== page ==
It is fairly easy to teach someone to perform housekeeping jobs. However, it is not possible for caregivers who don't sign to become fluent in weeks. Basic signs are better than nothing, but a senior who communicates primarily through ASL may get frustrated easily.

Beware if you chat with an agency and it says something like, “Oh, yeah! We have caregivers who sign well.” Many people think someone is fluent if they can rattle off a few basic signs. It's also easy to become rusty. Someone who graduated with an interpreting or ASL degree a few years ago but who has not signed since may need practice to get to a conversational level.

Another route to consider: Pay a family member who communicates well with the senior. This approach can be quicker and more efficient than looking all over for caregivers—but only if the family member is willing.

5. Include Seniors in the Process

If possible, involve your senior loved ones since caregivers will work with them closely. Seniors' levels of buy-in and enthusiasm do vary, of course. Your loved ones may agree they need caregiving—or maybe not! Similarly, they may acknowledge they are hard of hearing or could be in denial.

It's a delicate balancing act when seniors and other relatives have differing ideas about their abilities. At the very least, try to have each caretaker interviewee interact with the senior for five to ten minutes. These are great opportunities to assess in real time how they click and communicate. Which candidates speak clearly? Which make eye contact and ensure they have the senior's attention before speaking? Which are expressive or truly fluent in ASL?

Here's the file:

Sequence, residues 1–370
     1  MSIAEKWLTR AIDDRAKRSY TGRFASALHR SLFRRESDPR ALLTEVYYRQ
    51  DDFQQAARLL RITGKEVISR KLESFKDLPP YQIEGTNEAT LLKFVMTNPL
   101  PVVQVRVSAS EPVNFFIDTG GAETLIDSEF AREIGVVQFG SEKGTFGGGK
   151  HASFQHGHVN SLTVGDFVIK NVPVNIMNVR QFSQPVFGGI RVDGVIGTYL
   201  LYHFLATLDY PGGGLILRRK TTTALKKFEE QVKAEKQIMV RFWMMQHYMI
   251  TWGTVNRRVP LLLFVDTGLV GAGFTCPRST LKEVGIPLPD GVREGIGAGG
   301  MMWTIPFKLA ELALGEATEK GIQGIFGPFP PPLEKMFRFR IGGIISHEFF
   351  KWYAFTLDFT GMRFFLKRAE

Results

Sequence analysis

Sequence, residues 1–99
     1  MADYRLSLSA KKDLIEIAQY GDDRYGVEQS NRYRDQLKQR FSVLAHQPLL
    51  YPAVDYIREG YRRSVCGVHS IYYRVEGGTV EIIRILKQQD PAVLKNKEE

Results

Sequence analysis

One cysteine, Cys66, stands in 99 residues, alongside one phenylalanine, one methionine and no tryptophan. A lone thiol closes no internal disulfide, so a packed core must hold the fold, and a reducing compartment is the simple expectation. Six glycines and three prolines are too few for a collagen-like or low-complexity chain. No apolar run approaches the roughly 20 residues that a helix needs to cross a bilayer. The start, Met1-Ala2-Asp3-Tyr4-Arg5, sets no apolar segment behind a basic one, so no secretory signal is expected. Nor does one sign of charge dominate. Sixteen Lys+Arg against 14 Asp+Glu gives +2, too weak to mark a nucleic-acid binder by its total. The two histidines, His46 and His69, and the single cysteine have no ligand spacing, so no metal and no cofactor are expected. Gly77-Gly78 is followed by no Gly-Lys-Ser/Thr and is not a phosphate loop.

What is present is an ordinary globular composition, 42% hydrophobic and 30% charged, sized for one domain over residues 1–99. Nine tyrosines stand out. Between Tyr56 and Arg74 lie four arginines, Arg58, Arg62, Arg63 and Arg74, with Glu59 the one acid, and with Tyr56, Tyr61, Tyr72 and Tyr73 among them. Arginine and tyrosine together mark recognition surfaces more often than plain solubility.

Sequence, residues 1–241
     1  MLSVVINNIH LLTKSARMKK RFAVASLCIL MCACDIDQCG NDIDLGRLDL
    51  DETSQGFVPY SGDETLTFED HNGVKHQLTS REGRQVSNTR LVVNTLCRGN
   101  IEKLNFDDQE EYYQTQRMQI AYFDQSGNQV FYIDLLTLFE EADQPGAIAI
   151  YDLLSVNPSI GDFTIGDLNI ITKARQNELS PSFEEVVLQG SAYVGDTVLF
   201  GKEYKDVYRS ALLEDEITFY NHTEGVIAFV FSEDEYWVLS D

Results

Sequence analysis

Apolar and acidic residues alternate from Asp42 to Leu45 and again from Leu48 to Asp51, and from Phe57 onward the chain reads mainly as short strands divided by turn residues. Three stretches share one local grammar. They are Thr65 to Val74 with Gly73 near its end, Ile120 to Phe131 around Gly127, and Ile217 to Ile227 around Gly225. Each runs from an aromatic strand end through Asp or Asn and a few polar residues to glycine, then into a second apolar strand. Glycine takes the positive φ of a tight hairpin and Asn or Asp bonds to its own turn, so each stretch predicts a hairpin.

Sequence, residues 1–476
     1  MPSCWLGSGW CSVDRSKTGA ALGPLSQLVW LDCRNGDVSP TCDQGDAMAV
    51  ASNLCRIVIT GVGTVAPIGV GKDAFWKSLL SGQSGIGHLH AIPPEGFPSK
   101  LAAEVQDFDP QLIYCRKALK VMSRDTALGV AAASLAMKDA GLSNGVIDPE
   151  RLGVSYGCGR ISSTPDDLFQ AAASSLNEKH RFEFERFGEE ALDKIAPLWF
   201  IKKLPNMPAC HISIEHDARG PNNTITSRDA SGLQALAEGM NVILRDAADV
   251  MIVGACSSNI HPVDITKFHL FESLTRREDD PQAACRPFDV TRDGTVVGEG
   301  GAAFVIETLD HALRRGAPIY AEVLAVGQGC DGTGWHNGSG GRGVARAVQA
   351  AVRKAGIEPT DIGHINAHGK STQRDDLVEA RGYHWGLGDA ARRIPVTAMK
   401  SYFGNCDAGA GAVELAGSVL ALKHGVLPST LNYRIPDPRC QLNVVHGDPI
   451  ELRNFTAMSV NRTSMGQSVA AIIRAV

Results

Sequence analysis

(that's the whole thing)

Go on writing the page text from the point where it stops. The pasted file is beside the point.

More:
6. Ask Certain Questions

Questions can make all the difference. First, there are general queries along the lines of, “What did you like or dislike about your previous job?”, “What do you enjoy about caregiving?”, and, “Do you have medical issues that prevent you from lifting situations such as transferring someone from a wheelchair to a bed?”

Then there are the questions on hearing loss. Customize the following possibilities to fit your situation.

  • How do you communicate with clients who are hard of hearing? [Or clients who are hard of hearing + concurrent conditions your loved one has]
  • What changes did you make communication-wise when COVID-19 hit?
  • How many hard-of-hearing clients have you had?
  • If Mom was having a hard time understanding you, what might you do?
  • Can you do basic maintenance on hearing aids (or amplifiers, cochlear implants, etc.)? Test the applicant's knowledge; ask if X problem occurred, what the applicant would do.
  • My dad hates wearing his hearing aids. How do you get or encourage your clients to wear theirs?
  • What are major mistakes you see caretakers make with clients who are deaf or hard of hearing?
  • How should people communicate with others who are hard of hearing? (Look for answers such as wearing clear masks, pausing the TV, changing position, turning on the lights, simplifying phrases, making eye contact, getting attention before speaking, using signs, etc.)
  • What communication devices or techniques do you have experience with? [Answers could include whiteboards, basic signs, pen and paper, smartphone accessibility apps, formal training in nonverbal communication, etc.]
ASL Fluency